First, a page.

"The report says that the solution to the oversupply of generation capacity is to stop more renewables. But the whole point of a renewable energy target is to REPLACE generation capacity by closing dirty coal generators. The fossil fuel lobby just refuses to accept that some generators have to close."

In line with this, the Governor of Virginia (USA) proposed a tax for the sales of energy efficient cars because they use less petrol, which means less money goes into the highway trust fund to repair roads. Hybrid and electric car owners were up in arms: why should those saving petrol and significantly reducing pollution be penalised? By the end of 2013, a bipartisan coalition abolished the law. Perhaps, if the revenue was recognisably impacted by more electric vehicles, then the tax should be raised *for all* users! This would hasten the retirement of petrol vehicles. (However, I suspect the answer maybe more complex).

Another commented on the health costs:
"The biggest subsidy is not fully pricing the costs of climate change." In the long term yes, but in the short term the biggest externality relates to the health impacts of air pollutants. (for example see papers by Epstein at Harvard and US Economist Nordhaus - both published in 2011). Air pollutants especially fine particulate matter and ozone (a secondary pollutant) confer the majority of health impacts that include heart disease, stroke, asthma and lung cancer. These costs are paid by communities now and cumulatively into the future.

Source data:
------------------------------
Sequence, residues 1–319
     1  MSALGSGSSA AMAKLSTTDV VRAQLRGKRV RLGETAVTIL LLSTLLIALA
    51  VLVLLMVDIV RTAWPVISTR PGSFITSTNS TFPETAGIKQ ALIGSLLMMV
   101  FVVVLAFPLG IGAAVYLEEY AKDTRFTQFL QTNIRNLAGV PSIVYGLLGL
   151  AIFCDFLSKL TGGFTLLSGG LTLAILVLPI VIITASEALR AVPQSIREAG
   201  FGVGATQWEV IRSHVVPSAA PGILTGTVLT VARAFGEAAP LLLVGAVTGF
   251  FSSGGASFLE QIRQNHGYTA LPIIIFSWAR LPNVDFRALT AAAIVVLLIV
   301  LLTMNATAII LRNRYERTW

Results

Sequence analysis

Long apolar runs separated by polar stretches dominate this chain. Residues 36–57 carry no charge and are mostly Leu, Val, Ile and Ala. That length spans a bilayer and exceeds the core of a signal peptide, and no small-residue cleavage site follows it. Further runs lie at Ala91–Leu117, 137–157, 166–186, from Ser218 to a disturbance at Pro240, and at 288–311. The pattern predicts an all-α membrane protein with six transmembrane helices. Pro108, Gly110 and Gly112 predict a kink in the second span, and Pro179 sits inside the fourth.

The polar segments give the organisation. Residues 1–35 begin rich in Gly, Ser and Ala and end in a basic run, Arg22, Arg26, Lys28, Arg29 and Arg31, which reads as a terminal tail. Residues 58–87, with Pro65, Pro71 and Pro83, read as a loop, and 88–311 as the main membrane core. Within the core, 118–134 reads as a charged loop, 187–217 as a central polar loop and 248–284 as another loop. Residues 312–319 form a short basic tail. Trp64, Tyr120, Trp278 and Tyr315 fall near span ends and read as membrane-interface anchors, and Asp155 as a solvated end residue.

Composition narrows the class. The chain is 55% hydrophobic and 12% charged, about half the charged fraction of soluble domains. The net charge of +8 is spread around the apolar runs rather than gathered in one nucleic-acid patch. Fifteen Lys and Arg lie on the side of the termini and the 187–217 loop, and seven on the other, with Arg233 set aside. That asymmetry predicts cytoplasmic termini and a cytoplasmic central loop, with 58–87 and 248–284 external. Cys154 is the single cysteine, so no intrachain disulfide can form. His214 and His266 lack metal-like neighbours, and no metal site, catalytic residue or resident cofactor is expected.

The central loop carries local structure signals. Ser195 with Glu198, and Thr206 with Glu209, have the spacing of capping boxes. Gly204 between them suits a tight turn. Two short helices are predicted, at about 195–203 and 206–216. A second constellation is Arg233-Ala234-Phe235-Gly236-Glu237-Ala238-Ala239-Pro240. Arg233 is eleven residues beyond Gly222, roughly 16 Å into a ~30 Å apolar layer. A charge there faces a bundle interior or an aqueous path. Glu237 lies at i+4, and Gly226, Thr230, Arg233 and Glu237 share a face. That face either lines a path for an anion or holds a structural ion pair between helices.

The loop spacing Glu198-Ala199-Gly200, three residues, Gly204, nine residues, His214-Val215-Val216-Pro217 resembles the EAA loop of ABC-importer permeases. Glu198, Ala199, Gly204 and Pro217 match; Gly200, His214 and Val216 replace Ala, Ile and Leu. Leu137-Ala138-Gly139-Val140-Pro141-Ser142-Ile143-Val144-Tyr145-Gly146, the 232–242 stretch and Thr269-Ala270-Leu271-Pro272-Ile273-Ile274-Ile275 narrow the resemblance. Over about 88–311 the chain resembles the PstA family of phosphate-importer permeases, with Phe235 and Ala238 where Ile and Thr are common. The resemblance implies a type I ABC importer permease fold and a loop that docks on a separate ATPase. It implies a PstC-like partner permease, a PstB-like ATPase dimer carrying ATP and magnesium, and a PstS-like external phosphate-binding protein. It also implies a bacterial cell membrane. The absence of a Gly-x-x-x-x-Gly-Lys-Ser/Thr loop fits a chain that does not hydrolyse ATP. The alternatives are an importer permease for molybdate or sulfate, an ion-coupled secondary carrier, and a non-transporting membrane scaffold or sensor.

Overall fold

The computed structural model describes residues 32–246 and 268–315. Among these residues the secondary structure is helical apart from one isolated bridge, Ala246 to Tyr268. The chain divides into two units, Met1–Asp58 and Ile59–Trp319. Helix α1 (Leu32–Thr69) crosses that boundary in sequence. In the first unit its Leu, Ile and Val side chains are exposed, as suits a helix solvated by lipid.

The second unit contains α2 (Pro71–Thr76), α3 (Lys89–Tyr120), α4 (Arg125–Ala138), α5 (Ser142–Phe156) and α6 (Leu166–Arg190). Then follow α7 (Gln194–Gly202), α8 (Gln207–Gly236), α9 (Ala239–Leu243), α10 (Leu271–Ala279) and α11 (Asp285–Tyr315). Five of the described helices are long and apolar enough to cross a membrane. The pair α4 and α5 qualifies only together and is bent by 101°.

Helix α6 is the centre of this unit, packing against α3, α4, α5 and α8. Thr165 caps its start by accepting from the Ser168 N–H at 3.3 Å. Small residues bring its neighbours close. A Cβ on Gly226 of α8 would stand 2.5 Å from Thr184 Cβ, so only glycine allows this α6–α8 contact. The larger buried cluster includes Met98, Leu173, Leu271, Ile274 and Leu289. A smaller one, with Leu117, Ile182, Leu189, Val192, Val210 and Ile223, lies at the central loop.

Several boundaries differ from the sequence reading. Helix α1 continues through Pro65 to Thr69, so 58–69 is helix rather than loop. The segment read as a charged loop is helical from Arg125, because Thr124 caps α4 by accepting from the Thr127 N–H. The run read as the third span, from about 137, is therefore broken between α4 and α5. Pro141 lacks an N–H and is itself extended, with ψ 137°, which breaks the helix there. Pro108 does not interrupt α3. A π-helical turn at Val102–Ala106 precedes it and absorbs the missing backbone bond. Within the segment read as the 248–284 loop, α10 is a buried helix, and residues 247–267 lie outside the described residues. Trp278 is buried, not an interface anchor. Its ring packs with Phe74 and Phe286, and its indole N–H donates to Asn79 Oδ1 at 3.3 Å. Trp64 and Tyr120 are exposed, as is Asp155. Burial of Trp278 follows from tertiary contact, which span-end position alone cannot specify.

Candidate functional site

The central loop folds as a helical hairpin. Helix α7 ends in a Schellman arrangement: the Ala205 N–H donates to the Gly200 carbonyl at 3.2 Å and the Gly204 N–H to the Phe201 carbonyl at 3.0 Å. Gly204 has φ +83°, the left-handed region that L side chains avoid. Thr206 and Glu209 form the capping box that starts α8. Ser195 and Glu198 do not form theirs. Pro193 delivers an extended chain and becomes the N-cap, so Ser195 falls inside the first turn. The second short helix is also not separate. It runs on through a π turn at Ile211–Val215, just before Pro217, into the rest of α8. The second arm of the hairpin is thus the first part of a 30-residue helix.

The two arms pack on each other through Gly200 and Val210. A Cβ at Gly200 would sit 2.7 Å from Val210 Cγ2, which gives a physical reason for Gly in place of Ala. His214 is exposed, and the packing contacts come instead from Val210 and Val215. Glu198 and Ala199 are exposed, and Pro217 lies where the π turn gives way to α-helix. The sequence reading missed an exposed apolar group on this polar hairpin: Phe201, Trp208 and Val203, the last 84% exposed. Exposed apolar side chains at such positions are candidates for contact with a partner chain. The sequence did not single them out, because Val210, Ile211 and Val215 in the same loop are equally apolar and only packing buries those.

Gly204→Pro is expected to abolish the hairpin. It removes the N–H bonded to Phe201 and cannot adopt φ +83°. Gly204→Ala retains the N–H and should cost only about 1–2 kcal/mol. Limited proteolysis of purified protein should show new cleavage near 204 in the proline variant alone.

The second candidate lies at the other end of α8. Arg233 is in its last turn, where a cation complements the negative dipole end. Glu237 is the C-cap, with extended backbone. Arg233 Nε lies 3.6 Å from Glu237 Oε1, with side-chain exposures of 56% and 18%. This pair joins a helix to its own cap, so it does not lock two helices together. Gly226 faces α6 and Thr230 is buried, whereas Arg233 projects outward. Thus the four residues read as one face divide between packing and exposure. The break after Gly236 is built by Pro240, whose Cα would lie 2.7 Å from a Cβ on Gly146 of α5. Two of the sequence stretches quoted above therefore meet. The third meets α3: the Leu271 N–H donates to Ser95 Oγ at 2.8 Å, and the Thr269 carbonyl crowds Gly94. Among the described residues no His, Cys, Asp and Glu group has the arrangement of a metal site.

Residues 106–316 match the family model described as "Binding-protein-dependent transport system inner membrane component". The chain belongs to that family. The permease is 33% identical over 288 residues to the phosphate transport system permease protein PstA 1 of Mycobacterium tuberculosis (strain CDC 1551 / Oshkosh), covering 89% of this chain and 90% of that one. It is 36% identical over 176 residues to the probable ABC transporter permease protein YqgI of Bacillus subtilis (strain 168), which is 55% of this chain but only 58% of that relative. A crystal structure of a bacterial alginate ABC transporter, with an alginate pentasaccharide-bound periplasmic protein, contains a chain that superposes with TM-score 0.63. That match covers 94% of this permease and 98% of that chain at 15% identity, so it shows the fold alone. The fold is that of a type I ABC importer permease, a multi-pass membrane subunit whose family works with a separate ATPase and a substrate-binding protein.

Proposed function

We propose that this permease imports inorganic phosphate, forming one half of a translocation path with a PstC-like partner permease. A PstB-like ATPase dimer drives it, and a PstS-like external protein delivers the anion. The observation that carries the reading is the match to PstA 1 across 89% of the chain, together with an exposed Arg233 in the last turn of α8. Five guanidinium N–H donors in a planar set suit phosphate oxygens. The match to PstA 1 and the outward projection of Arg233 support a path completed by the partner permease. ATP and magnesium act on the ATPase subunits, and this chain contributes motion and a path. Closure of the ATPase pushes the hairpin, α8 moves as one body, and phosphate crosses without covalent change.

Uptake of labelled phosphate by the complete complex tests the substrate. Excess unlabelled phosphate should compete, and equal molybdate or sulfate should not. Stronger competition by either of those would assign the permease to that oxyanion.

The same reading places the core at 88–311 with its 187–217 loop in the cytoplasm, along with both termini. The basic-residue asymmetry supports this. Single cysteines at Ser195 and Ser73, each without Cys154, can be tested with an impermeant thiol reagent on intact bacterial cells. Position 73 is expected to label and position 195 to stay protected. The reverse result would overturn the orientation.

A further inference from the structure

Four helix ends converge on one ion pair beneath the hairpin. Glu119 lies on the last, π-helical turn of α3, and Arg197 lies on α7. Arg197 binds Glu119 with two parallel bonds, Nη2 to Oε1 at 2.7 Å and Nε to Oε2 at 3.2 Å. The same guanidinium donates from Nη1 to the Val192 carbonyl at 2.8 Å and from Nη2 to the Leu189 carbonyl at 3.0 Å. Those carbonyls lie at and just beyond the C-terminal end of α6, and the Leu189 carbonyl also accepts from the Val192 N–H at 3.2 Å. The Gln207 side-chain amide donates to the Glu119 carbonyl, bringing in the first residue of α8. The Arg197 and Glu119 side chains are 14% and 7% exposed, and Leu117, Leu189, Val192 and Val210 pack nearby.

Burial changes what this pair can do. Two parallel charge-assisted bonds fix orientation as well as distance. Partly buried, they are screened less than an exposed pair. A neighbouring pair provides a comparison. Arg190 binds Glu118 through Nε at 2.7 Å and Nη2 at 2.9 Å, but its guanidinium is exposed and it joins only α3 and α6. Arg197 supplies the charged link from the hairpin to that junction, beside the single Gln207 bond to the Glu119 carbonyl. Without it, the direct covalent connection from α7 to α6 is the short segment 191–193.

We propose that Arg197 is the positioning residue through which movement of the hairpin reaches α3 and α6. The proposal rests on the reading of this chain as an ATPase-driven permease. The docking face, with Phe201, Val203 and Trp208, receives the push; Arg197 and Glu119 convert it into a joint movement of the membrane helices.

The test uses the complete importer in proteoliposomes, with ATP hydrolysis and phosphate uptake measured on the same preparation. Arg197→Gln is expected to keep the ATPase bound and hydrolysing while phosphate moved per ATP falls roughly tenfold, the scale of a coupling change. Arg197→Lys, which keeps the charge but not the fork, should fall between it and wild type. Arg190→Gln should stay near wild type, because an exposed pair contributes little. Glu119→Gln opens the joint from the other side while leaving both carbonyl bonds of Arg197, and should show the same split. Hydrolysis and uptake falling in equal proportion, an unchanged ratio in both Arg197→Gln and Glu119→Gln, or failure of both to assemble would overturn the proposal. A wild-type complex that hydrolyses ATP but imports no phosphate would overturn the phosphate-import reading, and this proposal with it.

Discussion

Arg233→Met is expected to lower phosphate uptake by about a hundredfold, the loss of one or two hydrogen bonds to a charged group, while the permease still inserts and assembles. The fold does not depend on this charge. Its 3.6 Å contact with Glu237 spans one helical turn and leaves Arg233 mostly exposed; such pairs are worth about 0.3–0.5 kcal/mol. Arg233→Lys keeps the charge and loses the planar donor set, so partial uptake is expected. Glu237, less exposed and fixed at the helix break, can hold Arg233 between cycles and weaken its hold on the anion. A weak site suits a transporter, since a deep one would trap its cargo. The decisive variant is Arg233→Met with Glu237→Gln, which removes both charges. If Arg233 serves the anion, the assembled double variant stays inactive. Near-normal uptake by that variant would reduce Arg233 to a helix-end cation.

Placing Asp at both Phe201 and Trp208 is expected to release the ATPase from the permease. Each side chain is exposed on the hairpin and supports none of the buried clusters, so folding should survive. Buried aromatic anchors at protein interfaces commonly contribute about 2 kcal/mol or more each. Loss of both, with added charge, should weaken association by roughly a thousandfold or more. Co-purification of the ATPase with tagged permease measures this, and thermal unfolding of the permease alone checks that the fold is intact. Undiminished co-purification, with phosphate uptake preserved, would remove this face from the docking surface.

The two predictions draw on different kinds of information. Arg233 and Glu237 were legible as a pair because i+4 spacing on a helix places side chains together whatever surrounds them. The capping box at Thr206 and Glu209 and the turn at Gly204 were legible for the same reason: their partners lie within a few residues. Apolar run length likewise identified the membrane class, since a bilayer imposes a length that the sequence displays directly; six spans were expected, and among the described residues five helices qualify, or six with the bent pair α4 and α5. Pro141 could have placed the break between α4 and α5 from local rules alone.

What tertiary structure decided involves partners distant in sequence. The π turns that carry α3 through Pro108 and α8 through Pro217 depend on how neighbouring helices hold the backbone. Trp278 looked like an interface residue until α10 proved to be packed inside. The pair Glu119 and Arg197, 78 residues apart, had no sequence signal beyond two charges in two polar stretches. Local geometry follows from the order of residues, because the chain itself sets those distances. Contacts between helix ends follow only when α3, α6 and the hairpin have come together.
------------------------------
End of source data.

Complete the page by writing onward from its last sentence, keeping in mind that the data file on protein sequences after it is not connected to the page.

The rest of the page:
When the costs of these illnesses and their economic impacts are included, the full price of coal more than doubles. Nordhaus found the externalized costs of coal fired generation to be 0.8 to 5.6 time value added. Meaning coal is at best worth nothing to communities. That is how much we are subsidising fossil fuels electricity generation."

It is a great opportunity to force reform or closure on aging dangerous, unhealthy coal plants, and encourage energy sources where *there is no ongoing cost of the fuel itself* !!!! Why this appears to be of lost signifigance in so many reports, I do not know. Australia should be up in arms about the hypocrisy and short-sightedness of cutting investment that would otherwise help newer technology with zero fuel costs to develop and mature.
Make no mistake - wind turbines, rooftop solar, coal and gas are ALL helped with paid subsidies - $2billion per year fuel subsidies for energy extraction industries, and a further $2billion per year for tax concessions. Wind and solar have proven success for delivering zero fuel-cost energy that reduces wholesale prices, but with no ill-health effects. Coal and gas industries are essentially unchanged - reliant on subsidies with no forseeable termination date, on-going fuel cost for every kWh produced, being a respiratory health hazard during handling and in case of accidents - and no promise of any change or improvement!
Another case of the Emperor's new clothes: "Look how wonderful the coal and gas industries are compared to wind and solar" -not.

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Chris Hart has been employed in the field of IT majoring in hardware and power issues for over 20 years, followed by 15 years designing and supplying solar battery systems for domestic and commercial markets. He has qualifications in electronic engineering and management.